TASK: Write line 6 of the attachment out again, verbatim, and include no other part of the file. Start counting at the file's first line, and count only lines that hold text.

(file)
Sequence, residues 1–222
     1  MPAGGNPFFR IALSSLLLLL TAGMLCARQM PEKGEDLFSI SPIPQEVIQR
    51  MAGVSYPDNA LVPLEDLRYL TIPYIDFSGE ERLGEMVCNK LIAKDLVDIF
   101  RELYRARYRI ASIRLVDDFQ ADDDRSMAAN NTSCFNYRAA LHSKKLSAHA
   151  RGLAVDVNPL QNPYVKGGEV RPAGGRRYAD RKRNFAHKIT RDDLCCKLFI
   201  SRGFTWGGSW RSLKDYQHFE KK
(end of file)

   201  SRGFTWGGSW RSLKDYQHFE KK